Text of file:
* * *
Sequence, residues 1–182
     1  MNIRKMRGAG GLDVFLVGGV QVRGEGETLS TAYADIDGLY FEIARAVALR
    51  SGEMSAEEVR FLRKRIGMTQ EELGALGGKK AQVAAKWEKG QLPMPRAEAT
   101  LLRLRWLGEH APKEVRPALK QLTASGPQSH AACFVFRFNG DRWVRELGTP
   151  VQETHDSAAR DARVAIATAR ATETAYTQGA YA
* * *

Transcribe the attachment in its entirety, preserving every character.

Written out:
Sequence, residues 1–182
     1  MNIRKMRGAG GLDVFLVGGV QVRGEGETLS TAYADIDGLY FEIARAVALR
    51  SGEMSAEEVR FLRKRIGMTQ EELGALGGKK AQVAAKWEKG QLPMPRAEAT
   101  LLRLRWLGEH APKEVRPALK QLTASGPQSH AACFVFRFNG DRWVRELGTP
   151  VQETHDSAAR DARVAIATAR ATETAYTQGA YA